August is a big month this year for fellow writer and Legend Press author, Linda Huber. Her second novel, The Cold Cold Sea, was published on 1st August. A few weeks ago, I asked Linda some questions…
How did you come to write thrillers?
I think it was probably because I’ve always loved reading them! One of my favourite writers is Mary Higgins Clark. I like the way that her books are so character-based – you really get to know – and care about – her main characters. I try to give my own paper people the same quality.
Where did the idea for writing The Cold Cold Sea come from?
Way back in the 1990s I was investigating my family tree, and I came across a distant cousin I’d never heard of, a girl called Agnes who drowned aged 11. Around the same time I saw a sad little paragraph in a newspaper about a child who had drowned, and I started to think about these families – how do people cope with a loss like that? That was when the idea for The Cold Cold Sea came. It’s taken a while to get it finished – at one point I had to go through the whole text and update everyone’s technology, give them smartphones and the like – but we’ve made it!
Why did you set the story in Cornwall?
The story needs a seaside location, and I’d spent several childhood family holidays in Newquay. It’s such an amazing place, with those dark cliffs, crashing waves and the unique ‘holiday’ feeling you get in Cornwall. Location plays an important part in this story. I did consider setting it on a Scottish island, but that would have been just a bit too remote for the plot to work believably.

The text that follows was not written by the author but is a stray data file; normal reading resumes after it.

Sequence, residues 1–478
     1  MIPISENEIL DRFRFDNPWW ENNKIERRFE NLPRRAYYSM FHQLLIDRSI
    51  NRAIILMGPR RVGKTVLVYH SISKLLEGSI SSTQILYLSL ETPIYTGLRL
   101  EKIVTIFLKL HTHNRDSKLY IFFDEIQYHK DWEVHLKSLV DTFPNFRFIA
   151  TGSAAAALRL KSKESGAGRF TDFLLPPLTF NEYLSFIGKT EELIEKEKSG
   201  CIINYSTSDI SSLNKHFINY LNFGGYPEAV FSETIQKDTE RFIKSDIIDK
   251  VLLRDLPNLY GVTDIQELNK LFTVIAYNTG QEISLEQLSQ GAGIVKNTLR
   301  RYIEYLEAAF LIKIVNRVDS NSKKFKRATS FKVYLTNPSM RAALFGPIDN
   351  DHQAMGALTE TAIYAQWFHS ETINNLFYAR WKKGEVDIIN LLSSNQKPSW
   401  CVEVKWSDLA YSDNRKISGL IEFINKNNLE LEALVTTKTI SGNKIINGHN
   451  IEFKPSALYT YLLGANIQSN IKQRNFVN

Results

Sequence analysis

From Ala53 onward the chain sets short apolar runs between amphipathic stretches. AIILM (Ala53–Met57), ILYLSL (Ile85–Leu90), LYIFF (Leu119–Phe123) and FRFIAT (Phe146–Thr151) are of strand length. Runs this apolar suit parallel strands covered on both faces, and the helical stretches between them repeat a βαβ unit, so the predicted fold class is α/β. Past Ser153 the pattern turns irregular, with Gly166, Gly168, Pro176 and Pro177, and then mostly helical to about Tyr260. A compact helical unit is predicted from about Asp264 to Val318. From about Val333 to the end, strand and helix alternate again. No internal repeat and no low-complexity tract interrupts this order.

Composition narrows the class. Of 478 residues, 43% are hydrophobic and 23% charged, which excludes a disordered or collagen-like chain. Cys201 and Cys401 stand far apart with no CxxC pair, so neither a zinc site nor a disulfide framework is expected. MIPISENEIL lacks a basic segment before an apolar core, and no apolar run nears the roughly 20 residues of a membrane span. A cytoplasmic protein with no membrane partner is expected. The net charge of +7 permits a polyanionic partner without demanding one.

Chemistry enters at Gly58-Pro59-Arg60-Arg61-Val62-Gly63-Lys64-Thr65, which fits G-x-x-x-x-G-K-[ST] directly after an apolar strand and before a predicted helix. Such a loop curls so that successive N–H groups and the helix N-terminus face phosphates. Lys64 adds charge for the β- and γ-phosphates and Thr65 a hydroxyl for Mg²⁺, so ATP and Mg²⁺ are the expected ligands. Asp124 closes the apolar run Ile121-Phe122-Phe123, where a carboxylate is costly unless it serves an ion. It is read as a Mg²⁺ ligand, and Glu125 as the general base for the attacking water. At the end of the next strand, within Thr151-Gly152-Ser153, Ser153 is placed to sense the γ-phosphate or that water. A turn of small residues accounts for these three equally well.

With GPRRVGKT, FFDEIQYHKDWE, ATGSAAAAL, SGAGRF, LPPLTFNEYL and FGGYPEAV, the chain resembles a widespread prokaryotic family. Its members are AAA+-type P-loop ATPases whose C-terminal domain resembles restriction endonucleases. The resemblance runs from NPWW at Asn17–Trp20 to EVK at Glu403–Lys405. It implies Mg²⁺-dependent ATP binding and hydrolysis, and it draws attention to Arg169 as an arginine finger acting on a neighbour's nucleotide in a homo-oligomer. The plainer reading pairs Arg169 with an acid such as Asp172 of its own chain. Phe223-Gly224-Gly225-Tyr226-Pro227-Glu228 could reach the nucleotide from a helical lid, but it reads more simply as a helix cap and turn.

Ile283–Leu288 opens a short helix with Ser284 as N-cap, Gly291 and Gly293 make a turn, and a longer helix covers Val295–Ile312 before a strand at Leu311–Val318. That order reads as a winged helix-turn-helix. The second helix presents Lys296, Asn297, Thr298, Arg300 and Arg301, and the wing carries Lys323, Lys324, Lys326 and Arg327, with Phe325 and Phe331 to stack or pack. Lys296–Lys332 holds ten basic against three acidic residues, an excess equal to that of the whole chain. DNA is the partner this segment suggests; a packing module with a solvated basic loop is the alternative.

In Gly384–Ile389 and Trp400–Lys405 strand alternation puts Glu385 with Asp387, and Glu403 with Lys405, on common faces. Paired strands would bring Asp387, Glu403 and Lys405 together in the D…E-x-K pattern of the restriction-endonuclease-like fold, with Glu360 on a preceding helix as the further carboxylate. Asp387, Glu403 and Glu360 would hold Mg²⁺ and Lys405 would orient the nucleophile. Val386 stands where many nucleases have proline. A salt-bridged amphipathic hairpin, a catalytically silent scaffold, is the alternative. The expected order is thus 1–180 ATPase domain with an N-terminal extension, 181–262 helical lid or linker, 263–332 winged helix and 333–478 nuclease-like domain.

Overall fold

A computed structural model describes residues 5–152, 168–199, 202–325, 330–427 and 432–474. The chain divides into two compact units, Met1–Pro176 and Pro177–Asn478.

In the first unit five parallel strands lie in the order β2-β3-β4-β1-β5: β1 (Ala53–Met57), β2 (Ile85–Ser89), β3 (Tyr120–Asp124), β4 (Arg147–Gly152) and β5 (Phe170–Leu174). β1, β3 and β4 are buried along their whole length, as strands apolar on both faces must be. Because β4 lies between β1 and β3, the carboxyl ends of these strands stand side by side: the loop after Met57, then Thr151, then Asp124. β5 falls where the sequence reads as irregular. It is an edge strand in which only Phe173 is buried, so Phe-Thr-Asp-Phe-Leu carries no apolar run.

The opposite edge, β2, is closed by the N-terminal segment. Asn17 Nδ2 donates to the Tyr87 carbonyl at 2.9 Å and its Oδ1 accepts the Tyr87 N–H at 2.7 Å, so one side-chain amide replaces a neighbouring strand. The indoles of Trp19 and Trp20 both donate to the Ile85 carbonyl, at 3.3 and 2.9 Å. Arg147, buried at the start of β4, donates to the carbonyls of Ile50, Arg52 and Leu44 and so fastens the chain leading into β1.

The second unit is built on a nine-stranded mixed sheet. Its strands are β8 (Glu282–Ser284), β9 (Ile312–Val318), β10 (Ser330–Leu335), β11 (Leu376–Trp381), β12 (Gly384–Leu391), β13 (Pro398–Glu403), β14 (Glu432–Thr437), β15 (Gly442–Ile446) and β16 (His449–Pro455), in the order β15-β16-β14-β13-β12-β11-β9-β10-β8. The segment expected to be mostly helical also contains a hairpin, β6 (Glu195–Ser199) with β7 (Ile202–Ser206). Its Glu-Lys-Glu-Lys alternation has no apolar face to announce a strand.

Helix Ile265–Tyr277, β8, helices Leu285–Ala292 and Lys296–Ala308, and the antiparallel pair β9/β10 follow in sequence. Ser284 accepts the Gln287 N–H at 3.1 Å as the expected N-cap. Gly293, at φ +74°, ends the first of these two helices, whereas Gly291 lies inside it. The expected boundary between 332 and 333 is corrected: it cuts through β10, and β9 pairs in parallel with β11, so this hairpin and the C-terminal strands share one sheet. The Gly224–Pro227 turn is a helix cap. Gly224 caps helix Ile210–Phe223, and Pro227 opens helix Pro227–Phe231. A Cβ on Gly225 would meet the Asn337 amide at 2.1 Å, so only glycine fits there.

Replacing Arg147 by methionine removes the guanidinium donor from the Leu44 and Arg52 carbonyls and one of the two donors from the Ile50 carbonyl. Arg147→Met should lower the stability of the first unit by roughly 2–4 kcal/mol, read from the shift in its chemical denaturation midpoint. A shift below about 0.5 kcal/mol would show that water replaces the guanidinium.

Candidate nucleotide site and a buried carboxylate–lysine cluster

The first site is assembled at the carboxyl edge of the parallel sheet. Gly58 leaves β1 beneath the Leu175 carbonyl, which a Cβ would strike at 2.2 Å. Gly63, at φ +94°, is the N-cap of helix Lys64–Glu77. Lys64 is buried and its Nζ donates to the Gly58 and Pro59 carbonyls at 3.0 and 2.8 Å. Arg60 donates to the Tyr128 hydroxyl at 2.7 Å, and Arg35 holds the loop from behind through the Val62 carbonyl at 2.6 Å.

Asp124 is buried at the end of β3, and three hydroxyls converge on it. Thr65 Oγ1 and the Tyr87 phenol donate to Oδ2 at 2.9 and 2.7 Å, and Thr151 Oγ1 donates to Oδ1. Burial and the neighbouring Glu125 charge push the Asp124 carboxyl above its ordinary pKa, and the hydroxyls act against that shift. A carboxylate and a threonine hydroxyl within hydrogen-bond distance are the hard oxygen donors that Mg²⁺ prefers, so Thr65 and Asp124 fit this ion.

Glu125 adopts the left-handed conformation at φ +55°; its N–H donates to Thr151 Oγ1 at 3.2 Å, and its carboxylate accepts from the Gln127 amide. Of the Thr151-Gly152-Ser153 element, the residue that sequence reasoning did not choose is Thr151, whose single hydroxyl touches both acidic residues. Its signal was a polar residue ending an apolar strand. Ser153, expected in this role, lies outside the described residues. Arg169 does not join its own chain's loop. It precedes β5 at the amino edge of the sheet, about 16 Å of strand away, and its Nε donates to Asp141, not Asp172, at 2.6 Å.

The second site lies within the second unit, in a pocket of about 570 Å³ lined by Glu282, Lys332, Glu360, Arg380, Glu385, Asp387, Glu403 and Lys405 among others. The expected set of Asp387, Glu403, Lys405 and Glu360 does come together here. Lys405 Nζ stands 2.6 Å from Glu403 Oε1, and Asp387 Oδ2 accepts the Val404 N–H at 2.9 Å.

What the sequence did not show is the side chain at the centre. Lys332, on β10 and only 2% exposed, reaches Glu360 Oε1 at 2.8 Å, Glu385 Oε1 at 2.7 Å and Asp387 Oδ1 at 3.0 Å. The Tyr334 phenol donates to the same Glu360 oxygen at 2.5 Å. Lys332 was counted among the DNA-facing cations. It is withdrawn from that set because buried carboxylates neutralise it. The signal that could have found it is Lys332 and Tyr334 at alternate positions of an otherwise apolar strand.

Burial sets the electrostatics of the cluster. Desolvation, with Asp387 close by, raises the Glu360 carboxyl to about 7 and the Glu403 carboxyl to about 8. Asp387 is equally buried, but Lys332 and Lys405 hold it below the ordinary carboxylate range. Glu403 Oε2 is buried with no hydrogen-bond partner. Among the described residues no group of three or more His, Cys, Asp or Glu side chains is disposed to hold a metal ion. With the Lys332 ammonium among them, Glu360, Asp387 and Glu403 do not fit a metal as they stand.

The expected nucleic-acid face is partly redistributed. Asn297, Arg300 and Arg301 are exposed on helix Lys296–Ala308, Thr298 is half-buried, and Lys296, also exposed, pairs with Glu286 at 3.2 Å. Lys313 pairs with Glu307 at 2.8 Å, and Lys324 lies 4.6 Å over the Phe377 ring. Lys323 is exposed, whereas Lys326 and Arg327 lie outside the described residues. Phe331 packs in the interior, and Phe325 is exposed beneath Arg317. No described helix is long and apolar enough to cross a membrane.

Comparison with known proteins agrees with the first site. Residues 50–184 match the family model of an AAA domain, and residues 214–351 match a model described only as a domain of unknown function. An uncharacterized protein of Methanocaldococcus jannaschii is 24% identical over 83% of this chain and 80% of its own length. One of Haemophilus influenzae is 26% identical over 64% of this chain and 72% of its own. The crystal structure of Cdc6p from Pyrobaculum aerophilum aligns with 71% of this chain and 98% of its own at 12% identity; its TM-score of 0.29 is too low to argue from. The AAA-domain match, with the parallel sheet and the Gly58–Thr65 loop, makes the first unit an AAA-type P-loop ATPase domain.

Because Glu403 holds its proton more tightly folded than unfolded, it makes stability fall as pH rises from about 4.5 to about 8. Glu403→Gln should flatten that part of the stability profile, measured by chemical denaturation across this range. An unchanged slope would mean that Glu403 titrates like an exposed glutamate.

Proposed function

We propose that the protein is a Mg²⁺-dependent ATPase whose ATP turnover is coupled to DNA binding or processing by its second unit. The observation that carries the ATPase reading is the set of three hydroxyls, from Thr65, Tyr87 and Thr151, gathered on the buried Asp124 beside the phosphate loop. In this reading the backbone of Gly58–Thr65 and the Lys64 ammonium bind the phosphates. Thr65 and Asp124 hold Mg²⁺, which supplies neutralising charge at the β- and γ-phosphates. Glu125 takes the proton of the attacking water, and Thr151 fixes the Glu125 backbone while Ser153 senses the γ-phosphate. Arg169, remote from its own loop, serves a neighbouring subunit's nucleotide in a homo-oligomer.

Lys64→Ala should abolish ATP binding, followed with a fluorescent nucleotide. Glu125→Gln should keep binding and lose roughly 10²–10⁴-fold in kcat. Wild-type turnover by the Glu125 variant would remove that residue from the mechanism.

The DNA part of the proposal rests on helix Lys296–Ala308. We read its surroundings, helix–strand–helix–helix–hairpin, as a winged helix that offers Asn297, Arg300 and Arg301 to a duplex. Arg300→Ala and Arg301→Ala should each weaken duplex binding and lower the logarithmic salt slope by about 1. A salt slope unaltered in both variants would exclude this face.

How do you write, do you edit as you go or have a specific routine?
I don’t have hard and fast rules. Usually I just sit down and start – if it’s going well, I carry on with the new section, if not, I edit what I did the previous day. If I get completely stuck with one project I leave it for a week or two (or longer!) and go on with something else. I always have several projects on the go at once, which is why it takes me such ages to get any one of them finished. But – it’s enormous fun!
How important is research?
Very. I never write about places I’ve never been to. My books and stories tend to follow my friends around the UK! And then Google maps and Street View are amazing – I once ‘drove’ most of the way from Glasgow to Stranraer on Street View to help the characters in my newest project. The Internet provides general answers, and for the rest – police procedure for instance – I have a small team of unfortunate friends who regularly receive ‘help!’ emails…
What do you enjoy most about writing?
The way you can get lost in your story. When it’s going well I can sit down at nine to write, and five minutes later I look at the clock and it’s quarter to twelve. And then there are the characters I create – it’s fascinating, working out who they are and what makes them tick. I always do that before starting the book, and then I watch them develop as the story unfolds.
How do you relax?
I go jogging, or walking, three times a week – I live on the banks of beautiful Lake Constance, and the lake path is perfect for this. And then, in a way, writing is my relaxation! And there’s nothing to beat a nice blob in front of the telly with a glass of wine!
At the moment I’m working on three different projects – two adult novels and one for children. All three are within a few weeks of being finished, so – watch this space!
Linda Huber grew up in Glasgow, Scotland, where she trained as a physiotherapist.
Linda now lives in Arbon, on the banks of beautiful Lake Constance in Switzerland, where she works as a language teacher at a school in a medieval castle.
Over the years Linda has had in excess of fifty short stories and articles printed in women’s magazines. On 1st September 2013, her debut thriller, The Paradise Trees was published by Legend Press. Her second book, The Cold Cold Sea, also a thriller, was published on 1st August 2014 and is available to buy on Amazon in paperback and kindle now.
I write novels - standalone and series - in a number of genres. My main aims are to present strong, developing central characters and to set their stories within realistic other worlds into which you can escape. I hope you enjoy.